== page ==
It has been a while since our last burning questions notebook so it seems like a good time to discuss some issues that will have an impact on how successful some of the teams at FSU will be next year.
These questions are meant to raise issues that will likely have a big impact on how well the particular team does next year. We will consider each sport in chronological order.
Florida State is coming off of a third national championship season but that is not the biggest news surrounding this team as the Seminoles prepare for a title defense this fall. Long-time Florida State head coach Mark Krikorian abruptly resigned from the program before the champagne could even get warm.
Florida State (relatively) quickly pivoted to hire Brian Pensky from Tennessee. Pensky will be tasked with insuring that the program doesn’t fall too far from the dizzying heights reached under Krikorian. Let’s discuss a couple of questions that will help decide whether Pensky will be successful at least in the short term.
- Has the Florida State death star been completely dismantled?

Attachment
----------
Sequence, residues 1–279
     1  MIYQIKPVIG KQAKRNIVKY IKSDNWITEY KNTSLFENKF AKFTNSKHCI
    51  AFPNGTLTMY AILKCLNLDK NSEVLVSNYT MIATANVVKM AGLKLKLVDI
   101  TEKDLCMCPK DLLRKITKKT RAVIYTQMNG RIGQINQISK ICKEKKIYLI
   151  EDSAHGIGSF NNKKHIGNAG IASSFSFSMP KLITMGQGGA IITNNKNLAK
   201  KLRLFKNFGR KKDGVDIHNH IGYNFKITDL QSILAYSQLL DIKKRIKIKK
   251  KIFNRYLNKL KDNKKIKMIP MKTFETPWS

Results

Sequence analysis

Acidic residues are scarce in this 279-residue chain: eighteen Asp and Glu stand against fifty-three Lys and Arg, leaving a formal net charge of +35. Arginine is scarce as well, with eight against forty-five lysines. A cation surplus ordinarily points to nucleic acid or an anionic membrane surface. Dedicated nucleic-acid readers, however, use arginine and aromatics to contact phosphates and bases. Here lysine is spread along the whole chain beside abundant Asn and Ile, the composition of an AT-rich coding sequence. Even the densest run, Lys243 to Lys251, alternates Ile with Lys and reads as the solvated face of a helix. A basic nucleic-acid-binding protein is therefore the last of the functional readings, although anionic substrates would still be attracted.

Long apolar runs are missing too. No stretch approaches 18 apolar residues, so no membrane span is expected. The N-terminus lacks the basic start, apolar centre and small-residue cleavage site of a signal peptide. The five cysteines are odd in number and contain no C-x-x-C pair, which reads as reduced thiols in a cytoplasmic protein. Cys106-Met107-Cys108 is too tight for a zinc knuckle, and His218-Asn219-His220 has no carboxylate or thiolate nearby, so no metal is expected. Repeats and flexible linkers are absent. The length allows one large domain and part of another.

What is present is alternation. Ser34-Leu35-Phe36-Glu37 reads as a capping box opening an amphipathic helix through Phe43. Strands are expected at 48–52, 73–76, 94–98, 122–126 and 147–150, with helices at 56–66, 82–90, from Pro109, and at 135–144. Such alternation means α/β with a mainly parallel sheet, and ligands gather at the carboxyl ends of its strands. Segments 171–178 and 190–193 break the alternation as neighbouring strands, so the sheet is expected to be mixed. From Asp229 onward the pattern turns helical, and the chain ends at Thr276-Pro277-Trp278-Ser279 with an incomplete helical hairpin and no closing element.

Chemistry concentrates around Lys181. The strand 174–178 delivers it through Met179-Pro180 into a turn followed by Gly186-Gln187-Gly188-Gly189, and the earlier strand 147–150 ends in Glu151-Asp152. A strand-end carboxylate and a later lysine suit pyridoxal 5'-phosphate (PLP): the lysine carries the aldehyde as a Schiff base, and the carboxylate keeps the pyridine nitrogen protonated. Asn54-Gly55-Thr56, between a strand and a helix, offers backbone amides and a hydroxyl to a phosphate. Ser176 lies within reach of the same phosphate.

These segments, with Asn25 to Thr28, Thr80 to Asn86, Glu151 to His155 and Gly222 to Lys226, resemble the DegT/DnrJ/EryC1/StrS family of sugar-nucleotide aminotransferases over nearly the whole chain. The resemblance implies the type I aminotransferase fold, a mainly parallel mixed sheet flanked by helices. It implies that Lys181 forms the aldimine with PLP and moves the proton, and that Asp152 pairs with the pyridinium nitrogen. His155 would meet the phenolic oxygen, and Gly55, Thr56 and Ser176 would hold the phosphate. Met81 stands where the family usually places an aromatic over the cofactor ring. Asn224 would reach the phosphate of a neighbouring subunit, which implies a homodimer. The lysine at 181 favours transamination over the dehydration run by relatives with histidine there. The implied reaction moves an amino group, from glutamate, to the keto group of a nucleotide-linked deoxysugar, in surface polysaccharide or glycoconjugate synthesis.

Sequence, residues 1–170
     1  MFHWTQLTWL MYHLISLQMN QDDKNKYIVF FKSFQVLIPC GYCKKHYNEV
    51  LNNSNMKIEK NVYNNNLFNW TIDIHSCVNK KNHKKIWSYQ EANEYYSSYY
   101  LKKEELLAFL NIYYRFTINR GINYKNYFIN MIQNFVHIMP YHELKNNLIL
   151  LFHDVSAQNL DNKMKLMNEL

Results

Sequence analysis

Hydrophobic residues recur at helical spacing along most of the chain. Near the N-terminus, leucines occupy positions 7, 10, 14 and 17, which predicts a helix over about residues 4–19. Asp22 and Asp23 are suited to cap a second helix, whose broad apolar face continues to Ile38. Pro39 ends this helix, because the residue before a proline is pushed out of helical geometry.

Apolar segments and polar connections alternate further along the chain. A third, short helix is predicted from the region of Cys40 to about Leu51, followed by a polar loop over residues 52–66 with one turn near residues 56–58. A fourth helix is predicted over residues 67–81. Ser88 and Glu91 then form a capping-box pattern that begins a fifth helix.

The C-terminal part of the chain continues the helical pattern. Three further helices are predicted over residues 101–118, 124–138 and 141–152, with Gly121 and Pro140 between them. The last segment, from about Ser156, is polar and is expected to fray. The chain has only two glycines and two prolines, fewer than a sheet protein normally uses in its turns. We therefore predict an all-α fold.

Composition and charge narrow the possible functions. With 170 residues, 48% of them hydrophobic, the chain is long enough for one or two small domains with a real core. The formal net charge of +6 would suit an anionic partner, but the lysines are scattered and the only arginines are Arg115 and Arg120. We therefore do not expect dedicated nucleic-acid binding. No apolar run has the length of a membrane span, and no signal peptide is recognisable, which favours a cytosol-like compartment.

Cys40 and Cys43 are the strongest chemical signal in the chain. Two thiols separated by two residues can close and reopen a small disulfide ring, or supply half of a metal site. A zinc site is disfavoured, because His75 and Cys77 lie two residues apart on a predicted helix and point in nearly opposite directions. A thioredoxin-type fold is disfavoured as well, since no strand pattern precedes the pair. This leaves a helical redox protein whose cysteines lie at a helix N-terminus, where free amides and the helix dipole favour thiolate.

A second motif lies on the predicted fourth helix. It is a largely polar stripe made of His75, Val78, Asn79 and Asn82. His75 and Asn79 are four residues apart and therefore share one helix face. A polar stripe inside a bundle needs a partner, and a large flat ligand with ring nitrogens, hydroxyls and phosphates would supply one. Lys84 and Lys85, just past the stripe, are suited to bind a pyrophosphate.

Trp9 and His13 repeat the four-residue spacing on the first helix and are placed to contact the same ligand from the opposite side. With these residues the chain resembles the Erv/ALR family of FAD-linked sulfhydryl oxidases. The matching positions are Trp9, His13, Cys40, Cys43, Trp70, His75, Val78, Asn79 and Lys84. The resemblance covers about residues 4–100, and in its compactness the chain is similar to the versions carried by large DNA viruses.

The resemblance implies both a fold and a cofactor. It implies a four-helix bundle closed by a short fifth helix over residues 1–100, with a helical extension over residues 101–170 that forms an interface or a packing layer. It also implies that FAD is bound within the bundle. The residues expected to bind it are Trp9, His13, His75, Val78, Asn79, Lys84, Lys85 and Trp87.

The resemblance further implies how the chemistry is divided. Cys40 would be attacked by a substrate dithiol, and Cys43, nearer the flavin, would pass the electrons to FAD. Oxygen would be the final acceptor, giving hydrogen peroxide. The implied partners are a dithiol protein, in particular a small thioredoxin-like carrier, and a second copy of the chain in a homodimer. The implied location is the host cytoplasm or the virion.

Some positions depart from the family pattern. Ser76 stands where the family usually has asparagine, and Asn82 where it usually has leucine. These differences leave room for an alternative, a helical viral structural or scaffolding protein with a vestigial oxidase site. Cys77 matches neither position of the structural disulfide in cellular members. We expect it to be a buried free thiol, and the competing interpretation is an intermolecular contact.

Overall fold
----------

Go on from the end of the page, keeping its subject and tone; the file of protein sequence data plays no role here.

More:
Under Krikorian’s direction, Florida State grew into arguably the best program in college soccer. The Seminoles won three national championships, eight ACC championships, appeared in 11 College Cups and 15 Elite Eights. Krikorian missed the Elite Eight only twice in his entire 17 year tenure in Tallahassee.
In the wake of Krikorian’s resignation several players (Yujie Zhao, Emily Madril, Olivia Smith and Mackenzie Smith) left the program. When combined with the natural attrition due to graduation and transfer that happens every year, the Seminoles have lost a grand total of 13 players who were either on the roster last year or who were expected to join the roster this year. A fourteenth player (Kirsten Pavlisko) will miss the year due to injury.
It goes without saying that these are extremely significant losses. However, Pensky was able to retain all of the underclassmen and persuade reigning ACC Tournament MVP Clara Robbins to stay to lead the team. Because of this retention there is still quite a bit of talent left on this roster.